Student Mary Tilford (Maggie Blake), a habitual liar and malevolent bully, intimidates and blackmails her school chums. Shaw and Stratford "veteran" Blake elevates the wickedness in this hateful child to a level we've never seen before. Her incredibly venomous characterization had us squirming in our almost-on-stage front row Court House Theatre seats. Blake's character, after being punished by Karen and Martha, and then faking a heart attack, is attended by Wright's long-time beau (and Tilford's cousin) Dr. Joe Cardin (the versatile Richard Binsley). Following a diagnosis of "bad temper," Mary runs home to her wealthy, influential and indulgent grandmother, Amelia Tilford (a maternal Jennifer Phipps), and reports that she has heard strange things at night between the two female teachers. Shockingly strange and of a sexual nature, her accusations are fuelled by a naughty book she has just read at school and idle gossip from Martha's insufferable aunt/teaching assistant Lily Mortar (Jillian Cook). This is enough to set the parents against the two women who run the school - enough in fact to destroy their lives.
Leyshon's fluid direction of her ensemble, for the most part, is what makes this production so successful. While we do not want to nit-pick a brilliant production, we can't help wondering why didn't she motivate Belding to increase the controlled hysteria level at the admission of her true feelings to Karen. When compared to Shirley MacLaine's magnificently intense confession to a shocked Audrey Hepburn in the 1961 movie, Belding's disclosure is hardly revelatory and plays like she was in a drugged state. A dream cast switch would see the gifted Fox playing Martha.
The use of minors in such a controversial play has always prompted debate. (In the original stage production all the "girls" were played by adults.) Leyshon's girls are uniformly excellent, particularly Alisha Stranges as the blackmailed Rosalie. They even handle the set changes and bang their desktops in splendid unison to terrifying effect. The skilful Leslie Frankish has designed a chintz schoolroom/noble living room combination that works remarkably well. Elizabeth Asseltine's moody lighting serves Frankish well.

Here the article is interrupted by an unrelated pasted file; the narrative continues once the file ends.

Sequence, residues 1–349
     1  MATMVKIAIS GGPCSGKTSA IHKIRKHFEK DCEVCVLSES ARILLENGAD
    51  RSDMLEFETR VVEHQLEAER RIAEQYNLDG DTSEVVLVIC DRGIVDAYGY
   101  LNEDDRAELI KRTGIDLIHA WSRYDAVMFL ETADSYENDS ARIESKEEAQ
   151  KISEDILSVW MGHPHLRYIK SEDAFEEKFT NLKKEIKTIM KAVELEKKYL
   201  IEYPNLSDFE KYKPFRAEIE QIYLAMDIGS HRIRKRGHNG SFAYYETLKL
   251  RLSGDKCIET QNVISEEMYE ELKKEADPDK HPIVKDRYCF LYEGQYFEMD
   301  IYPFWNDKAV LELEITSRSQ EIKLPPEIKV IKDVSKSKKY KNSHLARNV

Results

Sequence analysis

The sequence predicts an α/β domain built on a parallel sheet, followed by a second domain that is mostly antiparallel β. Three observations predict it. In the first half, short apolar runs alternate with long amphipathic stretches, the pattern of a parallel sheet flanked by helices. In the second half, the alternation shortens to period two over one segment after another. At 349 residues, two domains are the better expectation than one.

The Children's Hour will shock, entertain and enlighten you. Be prepared for its extraordinary subject matter and you'll be rewarded with a Shaw Festival production at its best. It plays at the Shaw Festival Court House Theatre from June 12 to September 27, 1997. Phone 1-800-511-SHAW for tickets.
In Good King Charles's Golden Days by George Bernard Shaw can be likened to attending a fabulous house party with all the "right" guests...including a king. Now playing at the Shaw Festival's wonderfully intimate Court House Theatre, and intelligently directed by Allen MacInnis, IGKCGD (what a mouthful) is a little-known Shaw delight containing a "mini-tour" of everything he ever wrote about: government; religion; art and science; personal freedom; and the existence of God. Powerful and intellectual but always entertaining, Charles is a play that poses questions and asks its audience to think critically. There is no real plot, rather, its drama lies in the immensely captivating discourse itself.
Written when Shaw was 83 years old, Charles had its first performance at England's Malvern Festival (a Shaw Festival predecessor) in August 1939. Shaw frequently created stage characters based on famous historical figures, among them: Napoleon, Cleopatra, Julius Caesar, Joan of Arc, Elizabeth I, William Shakespeare and Catherine the Great. But Charles has more historical figures than any other Shaw play.
The play opens in Cambridge, England in 1680, in the study of the famous scientist Isaac Newton (Andrew Gillies). The stage is set with a series of gilded frames, in which frozen actors pose in historic portraits. The scene comes alive with the noisy entry of punctilious housekeeper Mrs Basham (Patricia Hamilton). A stream of famous visitors, including "Mr Rowley" - a pseudonym favoured by King Charles II (Peter Hutt) - follow, interrupting Newton and disturbing his housekeeper. Almost instantly a heated all-encompassing debate commences on everything from astronomy to physics to art, religion and government. Thus begins one of the great examples of Shavian brilliance and wit. To keep the flow with subjects as exciting as algorithms, logarithms and perihelions is testament to Shaw's talent.